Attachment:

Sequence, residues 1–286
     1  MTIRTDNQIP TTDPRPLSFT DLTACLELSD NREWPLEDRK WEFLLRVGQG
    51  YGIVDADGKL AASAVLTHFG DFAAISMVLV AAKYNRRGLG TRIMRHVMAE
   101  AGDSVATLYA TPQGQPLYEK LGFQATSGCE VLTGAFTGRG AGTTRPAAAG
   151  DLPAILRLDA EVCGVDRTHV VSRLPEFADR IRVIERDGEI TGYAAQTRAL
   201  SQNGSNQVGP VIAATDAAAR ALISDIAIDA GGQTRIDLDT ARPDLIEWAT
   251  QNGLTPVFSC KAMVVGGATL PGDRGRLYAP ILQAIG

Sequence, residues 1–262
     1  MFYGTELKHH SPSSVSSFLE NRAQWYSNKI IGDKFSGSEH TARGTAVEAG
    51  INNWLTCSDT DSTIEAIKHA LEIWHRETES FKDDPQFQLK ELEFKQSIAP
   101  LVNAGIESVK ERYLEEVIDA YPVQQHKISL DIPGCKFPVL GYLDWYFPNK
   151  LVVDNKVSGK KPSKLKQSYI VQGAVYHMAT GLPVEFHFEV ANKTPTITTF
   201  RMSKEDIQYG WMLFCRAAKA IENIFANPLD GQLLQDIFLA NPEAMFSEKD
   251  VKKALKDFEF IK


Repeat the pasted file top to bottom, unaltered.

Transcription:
Sequence, residues 1–286
     1  MTIRTDNQIP TTDPRPLSFT DLTACLELSD NREWPLEDRK WEFLLRVGQG
    51  YGIVDADGKL AASAVLTHFG DFAAISMVLV AAKYNRRGLG TRIMRHVMAE
   101  AGDSVATLYA TPQGQPLYEK LGFQATSGCE VLTGAFTGRG AGTTRPAAAG
   151  DLPAILRLDA EVCGVDRTHV VSRLPEFADR IRVIERDGEI TGYAAQTRAL
   201  SQNGSNQVGP VIAATDAAAR ALISDIAIDA GGQTRIDLDT ARPDLIEWAT
   251  QNGLTPVFSC KAMVVGGATL PGDRGRLYAP ILQAIG

Sequence, residues 1–262
     1  MFYGTELKHH SPSSVSSFLE NRAQWYSNKI IGDKFSGSEH TARGTAVEAG
    51  INNWLTCSDT DSTIEAIKHA LEIWHRETES FKDDPQFQLK ELEFKQSIAP
   101  LVNAGIESVK ERYLEEVIDA YPVQQHKISL DIPGCKFPVL GYLDWYFPNK
   151  LVVDNKVSGK KPSKLKQSYI VQGAVYHMAT GLPVEFHFEV ANKTPTITTF
   201  RMSKEDIQYG WMLFCRAAKA IENIFANPLD GQLLQDIFLA NPEAMFSEKD
   251  VKKALKDFEF IK